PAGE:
Saturday, July 4, 2009

The Perfectly True Tales of a Perfect Size Twelve - Robin Gold

Summary: Delilah White, television's semifamous (to her own shock) and completely endearing domestic diva, likes herself just the way she is: a perfect size 12. When her boss announces that she's taking an early retirement, Delilah finds herself pitted against her rival, the statuesque Margo Hart, for one of the most coveted promotions in television. As the office politics heat to a rapid boil, Delilah escapes for a long weekend at her friend's wacky family estate in the Catskills, only to encounter two surprise house guest who threatened to turn her world upside down. Armed only with a pink polka-dot bikini and her sometimes overactive imagination, Delilah struggles to negotiate a budding romance (with a man who just might be unavailable) while salvaging an unthinkable blunder at the office. As one disaster follows another, Delilah musters all her charm, ingenuity, and spirit; but will it be enough to help her come out on top? (Picture from - Summary from the back of the book)

My review: I usually believe that in order to review a book properly, I need to have read the whole thing. I’m breaking my own rule today. Don’t worry, it won’t happen often. I could not even get past the first twenty pages of Perfect Size Twelve because I knew in my heart of hearts there were better things to be doing with my time—like shaving my legs or dusting.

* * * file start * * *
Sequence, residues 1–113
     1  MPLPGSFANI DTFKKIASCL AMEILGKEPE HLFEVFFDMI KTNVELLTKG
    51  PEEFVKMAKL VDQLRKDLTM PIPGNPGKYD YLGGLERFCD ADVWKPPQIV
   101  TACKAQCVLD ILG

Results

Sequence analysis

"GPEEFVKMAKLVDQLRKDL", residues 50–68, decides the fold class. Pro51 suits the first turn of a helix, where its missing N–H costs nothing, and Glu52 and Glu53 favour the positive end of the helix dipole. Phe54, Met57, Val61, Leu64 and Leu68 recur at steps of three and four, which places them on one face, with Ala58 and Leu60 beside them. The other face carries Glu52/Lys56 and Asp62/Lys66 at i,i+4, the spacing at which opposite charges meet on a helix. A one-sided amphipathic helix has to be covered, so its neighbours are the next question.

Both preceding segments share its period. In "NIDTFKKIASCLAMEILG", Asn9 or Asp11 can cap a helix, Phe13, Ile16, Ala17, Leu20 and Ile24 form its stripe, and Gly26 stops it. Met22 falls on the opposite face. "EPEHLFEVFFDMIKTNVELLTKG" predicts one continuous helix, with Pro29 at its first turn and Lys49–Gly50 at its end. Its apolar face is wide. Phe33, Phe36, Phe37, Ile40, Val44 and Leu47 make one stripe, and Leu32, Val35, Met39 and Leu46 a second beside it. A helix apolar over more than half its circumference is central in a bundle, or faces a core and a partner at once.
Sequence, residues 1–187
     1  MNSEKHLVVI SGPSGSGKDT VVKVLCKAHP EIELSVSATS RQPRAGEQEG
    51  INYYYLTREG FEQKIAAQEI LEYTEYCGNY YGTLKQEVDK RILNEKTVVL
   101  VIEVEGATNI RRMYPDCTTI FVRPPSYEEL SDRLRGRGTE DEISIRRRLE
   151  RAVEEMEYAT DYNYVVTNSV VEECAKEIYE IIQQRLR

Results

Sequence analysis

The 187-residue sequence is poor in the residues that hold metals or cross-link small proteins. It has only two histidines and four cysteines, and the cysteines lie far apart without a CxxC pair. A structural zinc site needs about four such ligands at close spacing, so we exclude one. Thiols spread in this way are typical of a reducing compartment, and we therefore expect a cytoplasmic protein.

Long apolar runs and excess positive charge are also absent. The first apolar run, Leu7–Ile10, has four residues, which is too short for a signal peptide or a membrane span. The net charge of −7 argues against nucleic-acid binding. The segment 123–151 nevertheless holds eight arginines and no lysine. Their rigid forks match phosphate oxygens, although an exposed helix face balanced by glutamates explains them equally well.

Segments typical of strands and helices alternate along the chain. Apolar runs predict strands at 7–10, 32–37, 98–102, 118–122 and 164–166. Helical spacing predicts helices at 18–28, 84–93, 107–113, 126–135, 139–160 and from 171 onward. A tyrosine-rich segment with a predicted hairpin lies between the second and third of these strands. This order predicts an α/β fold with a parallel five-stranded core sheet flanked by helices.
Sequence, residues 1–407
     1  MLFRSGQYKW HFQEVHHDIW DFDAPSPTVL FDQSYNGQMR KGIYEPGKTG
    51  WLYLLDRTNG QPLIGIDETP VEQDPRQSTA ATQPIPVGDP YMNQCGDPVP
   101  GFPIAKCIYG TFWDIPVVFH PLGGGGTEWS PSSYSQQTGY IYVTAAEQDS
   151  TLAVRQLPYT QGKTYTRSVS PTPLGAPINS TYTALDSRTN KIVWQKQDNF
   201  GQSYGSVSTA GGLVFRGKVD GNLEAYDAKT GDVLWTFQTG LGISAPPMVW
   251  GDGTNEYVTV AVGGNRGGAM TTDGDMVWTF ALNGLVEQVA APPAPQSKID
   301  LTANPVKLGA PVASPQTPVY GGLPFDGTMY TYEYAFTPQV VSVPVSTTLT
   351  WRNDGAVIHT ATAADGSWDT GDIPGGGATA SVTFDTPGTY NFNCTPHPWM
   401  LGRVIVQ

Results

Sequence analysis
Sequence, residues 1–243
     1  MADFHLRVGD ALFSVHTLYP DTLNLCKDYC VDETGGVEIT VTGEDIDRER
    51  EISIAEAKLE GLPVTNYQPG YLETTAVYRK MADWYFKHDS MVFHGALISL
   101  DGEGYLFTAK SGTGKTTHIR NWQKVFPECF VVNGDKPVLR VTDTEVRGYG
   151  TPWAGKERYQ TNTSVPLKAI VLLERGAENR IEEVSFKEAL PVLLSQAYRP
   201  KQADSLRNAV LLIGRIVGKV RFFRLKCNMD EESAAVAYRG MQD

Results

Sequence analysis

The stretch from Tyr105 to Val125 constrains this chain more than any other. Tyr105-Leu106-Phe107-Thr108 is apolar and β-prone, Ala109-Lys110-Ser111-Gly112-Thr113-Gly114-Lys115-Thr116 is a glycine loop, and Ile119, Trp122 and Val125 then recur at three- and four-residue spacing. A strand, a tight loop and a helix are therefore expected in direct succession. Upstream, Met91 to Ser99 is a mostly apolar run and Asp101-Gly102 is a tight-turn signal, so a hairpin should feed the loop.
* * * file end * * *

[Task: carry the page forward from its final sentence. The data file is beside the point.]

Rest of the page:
When I read the back of this book, I was hoping for a funny, charming story about a real-sized woman and her experiences dealing with a world that is so body-centric. My pants have been getting a little tight. What can I say, I needed someone to relate to. However, I wish that I had opened up the book and read the first page. Had I done so, I would have seen that the F word appeared in the very first line and multiple times in the next 20 pages, along with other words in the same family. Now, I’m not overly sensitive to language. I have thrown a few words around in my time and heard far more than that, but using profanity in a desperate attempt to get a “shocking” open line, is just coarse and pathetic.

Language aside, Gold's writing was so stilted and mechanical that I got irritated in about 45 seconds flat. It took me a while to put my finger on exactly why, but I finally realized my irritation stemmed from the fact that she was writing in third-person PRESENT tense.

Example: At the beginning of the second chapter the author wrote “Sofia marvels as they wind their way up the New York State Thruway.” She SHOULD have written “Sofia marveled as they wound their way up the New York State Thruway.”

Imagine a whole book written that way (and I did skim to make sure). It was unavoidably awkward. I imagine that the F-word was the author’s last resort at grabbing my attention, after having failed to achieve anything more than a mediocre “Delilah does this, Sofia does that” style of writing. I think that this book would have been far better served if written in a more fluid manner, in the past tense, and without all the language.

Again, this is just my opinion. I didn’t read the whole thing. You might love it. Others have. I unequivocally did NOT.

My rating: One star.

Sum it up in one phrase: Don’t waste your time with this book. It'll make you want to cover your ears and tear out your hair. Go play solitaire instead.


Kari said...

Ha! I appreciate your eye for tense. :)

MindySue said...

thanks! i wonder if i'm just being weird, but it seemed really ODD to me...that that would get by editors. it was so awkward to read. just bizzare.


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